The evidence that something big is going on at Sunriver Resort is easy to spot. Not only are there more than 300 professional golfers roaming the resort, but the Golf Channel cameras, ropes, and unmistakable buzz in the air are all dead giveaways that the PGA Professional National Championship is no ordinary golf tournament.
Greeted with spectacularly clear, warm Central Oregon weather and much to play for, the 312 club professionals competing this week at Crosswater and the Meadows Course for a chance to play in the 2017 PGA Championship have been in a noticeably good mood.
“I love this event,” said Craig Bowden, a former PGA Tour professional from Bloomington, Indiana. “It’s a great event for the club pros to come out and bring their families and get a chance to get their feet wet with some competition and try to play their way into the PGA Championship. You come out here and it's a real golf tournament. The ropes are up, Golf Channel is here, it gets you excited to get out and play and see where you’re at with your game and stay patient as long as you can.”
The first 36 holes of the PGA Professional Championship are now complete, with two rounds at Crosswater on Tuesday and Wednesday left to play. Add in countless practice rounds in the days before the PPC teed off Sunday’s first round, and the competitors have had plenty of opportunity to take in all that Meadows and Crosswater have to offer.
So far it appears that Sunriver Resort has been up to the challenge.
“This is the biggest championship we have to play for and this is a phenomenal facility,” said Josh Hillman, head professional at Taconic Golf Club in Williamstown, Mass.
This marks the fourth time the Sunriver Resort has hosted the PPC (2001, 2007, 2013, and 2017), but each time it’s a little bit different for the professionals who travel from across the country to compete.
Since the last visit from the PPC pros, Meadows in particular has been the beneficiary of some significant improvements. In 2015, Sunriver completed a $450,000 project to renovate all 18 Meadows greens with a particularly hearty strain of bentgrass, called T-1. And in 2016, Sunriver finished a $425,000 project to renovate the bunkers at Meadows, giving Sunriver resort’s original course a new, dramatic appearance.
The improvements have made a difference.
Meadows played easier than Crosswater in relation to par in the first two rounds, certainly. But the goal for Sunriver Resort was to make Meadows a perfect complement to Sunriver Resort’s crown jewel. The pros at the PPC have only offered more evidence that Sunriver Resort’s goal has been reached.
“We played a practice round at Meadows on Friday and the greens are totally different than they were in 2013,” said Mark Sheftic, a teaching professional at famed Merion Golf Club in Ardmore, Pennsylvania, before the first round. “They re-did the greens and they’re firm. In 2013, Meadows was the course to go get a score. But now it’s hard to get the ball close to the pin because of how firm the greens are.”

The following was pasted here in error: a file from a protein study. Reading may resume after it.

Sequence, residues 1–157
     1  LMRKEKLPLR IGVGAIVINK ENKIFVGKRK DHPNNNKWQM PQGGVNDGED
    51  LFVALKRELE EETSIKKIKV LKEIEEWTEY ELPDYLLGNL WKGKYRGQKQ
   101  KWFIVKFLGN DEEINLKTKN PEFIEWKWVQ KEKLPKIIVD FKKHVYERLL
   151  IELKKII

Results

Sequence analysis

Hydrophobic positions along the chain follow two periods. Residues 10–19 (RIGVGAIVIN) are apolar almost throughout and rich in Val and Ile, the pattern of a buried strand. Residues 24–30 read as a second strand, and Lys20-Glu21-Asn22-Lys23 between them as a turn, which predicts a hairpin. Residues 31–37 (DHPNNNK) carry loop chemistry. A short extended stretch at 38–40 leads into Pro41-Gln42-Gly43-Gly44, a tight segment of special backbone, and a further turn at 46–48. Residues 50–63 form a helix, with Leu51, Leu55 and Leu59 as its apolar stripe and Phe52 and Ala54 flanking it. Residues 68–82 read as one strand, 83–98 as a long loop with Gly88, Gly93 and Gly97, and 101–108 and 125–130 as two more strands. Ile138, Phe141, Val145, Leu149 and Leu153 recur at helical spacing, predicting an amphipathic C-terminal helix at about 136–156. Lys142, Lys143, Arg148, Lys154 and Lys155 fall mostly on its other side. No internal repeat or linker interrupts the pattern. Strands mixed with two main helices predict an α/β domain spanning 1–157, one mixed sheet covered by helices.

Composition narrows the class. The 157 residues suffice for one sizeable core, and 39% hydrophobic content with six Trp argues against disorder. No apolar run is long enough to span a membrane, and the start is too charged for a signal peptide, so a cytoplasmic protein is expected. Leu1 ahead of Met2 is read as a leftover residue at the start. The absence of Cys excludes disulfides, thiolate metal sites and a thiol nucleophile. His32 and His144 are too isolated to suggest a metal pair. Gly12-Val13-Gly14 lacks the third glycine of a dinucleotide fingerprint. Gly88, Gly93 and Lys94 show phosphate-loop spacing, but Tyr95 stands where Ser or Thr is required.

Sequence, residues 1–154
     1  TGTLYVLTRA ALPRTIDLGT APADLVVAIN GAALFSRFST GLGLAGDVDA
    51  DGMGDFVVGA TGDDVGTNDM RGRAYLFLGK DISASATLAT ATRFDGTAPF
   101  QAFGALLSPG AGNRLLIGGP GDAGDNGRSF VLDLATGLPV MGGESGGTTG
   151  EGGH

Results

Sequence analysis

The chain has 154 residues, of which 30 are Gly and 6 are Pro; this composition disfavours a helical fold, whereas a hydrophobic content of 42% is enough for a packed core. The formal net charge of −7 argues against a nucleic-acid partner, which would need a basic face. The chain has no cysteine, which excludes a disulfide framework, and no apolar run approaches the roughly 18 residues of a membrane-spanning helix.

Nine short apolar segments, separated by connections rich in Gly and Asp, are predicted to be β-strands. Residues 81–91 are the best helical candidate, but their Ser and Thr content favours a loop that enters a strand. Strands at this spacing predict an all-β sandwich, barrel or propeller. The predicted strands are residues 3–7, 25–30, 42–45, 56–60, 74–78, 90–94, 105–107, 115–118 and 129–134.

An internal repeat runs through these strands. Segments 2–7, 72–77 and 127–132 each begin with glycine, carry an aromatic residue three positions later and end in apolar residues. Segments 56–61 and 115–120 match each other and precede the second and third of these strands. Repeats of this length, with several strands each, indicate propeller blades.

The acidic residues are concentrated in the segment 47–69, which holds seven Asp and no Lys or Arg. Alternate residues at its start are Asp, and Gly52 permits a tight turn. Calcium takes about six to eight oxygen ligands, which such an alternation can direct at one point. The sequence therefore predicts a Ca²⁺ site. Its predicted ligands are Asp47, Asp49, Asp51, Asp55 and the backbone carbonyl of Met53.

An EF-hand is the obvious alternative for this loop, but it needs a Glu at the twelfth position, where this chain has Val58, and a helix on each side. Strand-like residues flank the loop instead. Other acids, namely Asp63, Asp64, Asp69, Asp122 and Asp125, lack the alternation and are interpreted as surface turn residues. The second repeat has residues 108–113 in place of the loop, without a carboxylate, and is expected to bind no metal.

How closely does Meadows now play to Crosswater?
“Crosswater is a fantastic golf course, still, but there’s not going to be any let up at Meadows like there might have been previously,” Sheftic added. “It’s going to be a great test on both golf courses.”
With play now complete at Meadows (each player has played one round at each course), the players who made the 36-hole cut have Crosswater on their minds. Always ranked among the top golf courses in the country by various publications, and a former host to PGA Champions Tour, USGA, and NCAA championships, Crosswater has over the years enjoyed plenty of praise.
But it’s always nice to hear that Crosswater was a worthy host for the PPC pros.
"Crosswater is a phenomenal golf course in just perfect shape," Hillman said. "It’s a bear. It’s a good golf course. You have to drive the ball well and leave it in good spots around the greens. But it's a fun course and it’s got a good look to it.”
Hillman did not make the cut, unfortunately. But Hillman, who traveled with his family to the tournament, managed to sing the praises of more than just the golf courses he played.
After all, for Hillman and his family, Central Oregon represented so much more.
“This whole area in Sunriver is amazing,” said Hillman, who did not make the cut. “We've had a blast out here this week. My wife Angie and Jake, we’ve been hanging out and exploring the area. I had never been out this way before. This is such a great tournament.”
Follow this year’s action at pga.com/professionalchampionship, and come out and enjoy the final two rounds of the PGA Professional National Championship. Spectators are welcome and admission is free.
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